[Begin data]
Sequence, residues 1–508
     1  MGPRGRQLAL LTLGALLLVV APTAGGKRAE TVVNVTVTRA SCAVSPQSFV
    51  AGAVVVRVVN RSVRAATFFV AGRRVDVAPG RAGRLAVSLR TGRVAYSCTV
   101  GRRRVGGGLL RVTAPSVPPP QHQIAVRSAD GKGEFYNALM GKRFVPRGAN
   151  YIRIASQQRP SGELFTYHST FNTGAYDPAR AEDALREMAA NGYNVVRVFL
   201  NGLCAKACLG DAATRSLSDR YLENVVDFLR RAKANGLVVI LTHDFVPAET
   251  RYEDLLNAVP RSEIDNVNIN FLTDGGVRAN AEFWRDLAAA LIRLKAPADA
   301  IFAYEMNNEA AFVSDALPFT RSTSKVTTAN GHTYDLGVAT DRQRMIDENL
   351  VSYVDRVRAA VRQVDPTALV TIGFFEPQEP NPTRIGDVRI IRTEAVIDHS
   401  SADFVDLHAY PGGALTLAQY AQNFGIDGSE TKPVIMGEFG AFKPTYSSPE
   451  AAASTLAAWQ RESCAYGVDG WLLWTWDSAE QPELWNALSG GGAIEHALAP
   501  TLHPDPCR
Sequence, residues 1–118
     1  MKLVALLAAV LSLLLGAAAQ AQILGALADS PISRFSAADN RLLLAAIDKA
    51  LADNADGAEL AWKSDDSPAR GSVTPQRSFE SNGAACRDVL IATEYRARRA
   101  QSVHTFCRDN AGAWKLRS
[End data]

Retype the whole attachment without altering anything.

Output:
Sequence, residues 1–508
     1  MGPRGRQLAL LTLGALLLVV APTAGGKRAE TVVNVTVTRA SCAVSPQSFV
    51  AGAVVVRVVN RSVRAATFFV AGRRVDVAPG RAGRLAVSLR TGRVAYSCTV
   101  GRRRVGGGLL RVTAPSVPPP QHQIAVRSAD GKGEFYNALM GKRFVPRGAN
   151  YIRIASQQRP SGELFTYHST FNTGAYDPAR AEDALREMAA NGYNVVRVFL
   201  NGLCAKACLG DAATRSLSDR YLENVVDFLR RAKANGLVVI LTHDFVPAET
   251  RYEDLLNAVP RSEIDNVNIN FLTDGGVRAN AEFWRDLAAA LIRLKAPADA
   301  IFAYEMNNEA AFVSDALPFT RSTSKVTTAN GHTYDLGVAT DRQRMIDENL
   351  VSYVDRVRAA VRQVDPTALV TIGFFEPQEP NPTRIGDVRI IRTEAVIDHS
   401  SADFVDLHAY PGGALTLAQY AQNFGIDGSE TKPVIMGEFG AFKPTYSSPE
   451  AAASTLAAWQ RESCAYGVDG WLLWTWDSAE QPELWNALSG GGAIEHALAP
   501  TLHPDPCR
Sequence, residues 1–118
     1  MKLVALLAAV LSLLLGAAAQ AQILGALADS PISRFSAADN RLLLAAIDKA
    51  LADNADGAEL AWKSDDSPAR GSVTPQRSFE SNGAACRDVL IATEYRARRA
   101  QSVHTFCRDN AGAWKLRS